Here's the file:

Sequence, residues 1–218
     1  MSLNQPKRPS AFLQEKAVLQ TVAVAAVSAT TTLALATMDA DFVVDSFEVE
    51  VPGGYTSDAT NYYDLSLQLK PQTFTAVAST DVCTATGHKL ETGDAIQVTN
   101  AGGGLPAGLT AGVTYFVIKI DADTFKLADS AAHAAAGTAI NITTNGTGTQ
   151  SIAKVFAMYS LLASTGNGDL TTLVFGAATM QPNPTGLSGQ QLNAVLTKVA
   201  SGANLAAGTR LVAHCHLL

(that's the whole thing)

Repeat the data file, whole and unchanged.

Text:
Sequence, residues 1–218
     1  MSLNQPKRPS AFLQEKAVLQ TVAVAAVSAT TTLALATMDA DFVVDSFEVE
    51  VPGGYTSDAT NYYDLSLQLK PQTFTAVAST DVCTATGHKL ETGDAIQVTN
   101  AGGGLPAGLT AGVTYFVIKI DADTFKLADS AAHAAAGTAI NITTNGTGTQ
   151  SIAKVFAMYS LLASTGNGDL TTLVFGAATM QPNPTGLSGQ QLNAVLTKVA
   201  SGANLAAGTR LVAHCHLL